Well, the three that I can tell you about right now, I mean, Alcatraz is obviously iconic. That was incredible, being able to just walk through that building, and, you know, I’m going to be tweeting on my handle, @richeisen, some photos after the airing of each show that I’ve taken from my handheld, from my position throughout the game as it’s being prepared, you know, give you some behind-the-scenes looks of the show. And, “Here I am. It’s 2:00 in the morning. We’re getting ready to run the game, and I just strolled right up to Al Capone’s cell, and fired off a picture, and this is pretty cool.”

But, you know, the aircraft carrier that we’re on, the USS Hornet, was built by women in the — in World War II, the Rosie Riveters, and the main job at peacetime for this awesome vessel was to pluck the capsules out of the water when the astronauts came back in from the atmosphere. So Neil Armstrong’s first steps back on planet Earth are painted white on the deck of the USS Hornet. And a stage was run right through there for The Great Escape.

And then there’s an insane asylum where we shot, and it’s the only time in my career where, as I’m shooting and on camera…a white owl is screeching overhead. It was incredible. These places are creepy, they’re unique, they’re mysterious, and there are some that are coming up that I never even knew existed on the planet.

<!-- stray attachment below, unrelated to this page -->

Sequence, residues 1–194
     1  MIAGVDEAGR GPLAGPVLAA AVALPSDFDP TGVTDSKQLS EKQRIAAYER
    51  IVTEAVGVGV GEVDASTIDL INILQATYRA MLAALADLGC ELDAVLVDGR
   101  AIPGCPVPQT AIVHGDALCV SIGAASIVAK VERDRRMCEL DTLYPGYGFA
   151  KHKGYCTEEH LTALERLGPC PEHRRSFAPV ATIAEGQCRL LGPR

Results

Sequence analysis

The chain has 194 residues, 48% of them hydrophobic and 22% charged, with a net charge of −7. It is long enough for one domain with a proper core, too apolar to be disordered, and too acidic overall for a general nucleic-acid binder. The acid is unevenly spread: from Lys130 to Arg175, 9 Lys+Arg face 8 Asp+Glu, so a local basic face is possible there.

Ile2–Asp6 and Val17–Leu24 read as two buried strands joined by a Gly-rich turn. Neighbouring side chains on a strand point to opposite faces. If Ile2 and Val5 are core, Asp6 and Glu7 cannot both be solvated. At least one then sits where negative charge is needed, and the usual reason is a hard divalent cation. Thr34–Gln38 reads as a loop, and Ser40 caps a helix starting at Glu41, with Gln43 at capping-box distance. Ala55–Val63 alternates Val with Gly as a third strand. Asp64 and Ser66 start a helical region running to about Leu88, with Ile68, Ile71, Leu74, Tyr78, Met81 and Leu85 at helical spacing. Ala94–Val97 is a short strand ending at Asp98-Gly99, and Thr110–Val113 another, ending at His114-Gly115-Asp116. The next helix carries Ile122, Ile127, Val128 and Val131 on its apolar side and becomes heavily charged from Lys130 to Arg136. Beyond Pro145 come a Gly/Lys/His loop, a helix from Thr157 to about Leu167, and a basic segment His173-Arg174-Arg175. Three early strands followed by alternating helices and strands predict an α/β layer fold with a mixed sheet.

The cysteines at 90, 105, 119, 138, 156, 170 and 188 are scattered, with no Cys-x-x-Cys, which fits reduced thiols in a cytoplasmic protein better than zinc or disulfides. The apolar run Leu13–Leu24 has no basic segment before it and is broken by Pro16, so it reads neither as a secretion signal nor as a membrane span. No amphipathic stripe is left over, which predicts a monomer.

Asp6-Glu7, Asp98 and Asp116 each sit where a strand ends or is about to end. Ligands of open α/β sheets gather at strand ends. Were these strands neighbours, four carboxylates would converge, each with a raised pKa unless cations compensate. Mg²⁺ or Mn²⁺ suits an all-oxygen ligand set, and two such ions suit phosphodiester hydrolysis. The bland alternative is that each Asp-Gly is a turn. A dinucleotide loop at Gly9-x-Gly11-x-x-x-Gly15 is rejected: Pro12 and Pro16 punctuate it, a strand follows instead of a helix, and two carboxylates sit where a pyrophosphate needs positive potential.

Sounds awesome! So this is more of a fun question, but if you were on the show, who would your partner be?

That’s easy! I would choose Warren Sapp because he’s got it all. He’s got the brawn, so if we need to bash through a wall, you know, I mean, I could take my cracks at it, but Warren would probably need fewer cracks at it. And he’s also, you know — he’s got the smarts. He could solve these puzzles. And he also understands that you have to be a teammate. So he — and plus, you know, I mean, he’s the people’s champ, he showed Dancing with the Stars. So, he’s won a Super Bowl, darn near won the dancing competition, so he’s nimble, he’s a champion. I’d take him.

I was wondering if you have a favorite reality series, now that you’re in this genre.

You know — I know it sounds like a cop out — I’d have to choose The Great Escape. I really would because the only thing that’s like it, obviously, is its parents, in terms of The Amazing Race, but in terms of just a one-hour show, where it’s real people going to real locations in a popcorn-type, blockbuster atmosphere, I’ve never seen anything like this. I really have not. And there’s an intelligence factor that’s required in this, too, so it’s not complete bubblegum.

And it’s stuff that I think people will be talking about. I mean, we’re watching it as it happens and screaming at the television screens. There’s no question people will do that when their watching it at home.

I was.

Yeah, I mean, because people are screaming, “Well, how could you think that? Well, what you need is staring right in front of you.” We just shot one episode where it was incredible how they were staring directly at the tool that they needed, directly at the item that they needed, for 40 minutes before they realized what it was. We were screaming at them the whole time. So I can’t wait to watch that on TV.

Well, great, thanks so much!

You bet.

*****

Don’t forget to catch Rich Eisen on The Great Escape this Sunday on TNT! Need more now? Check out the promo below!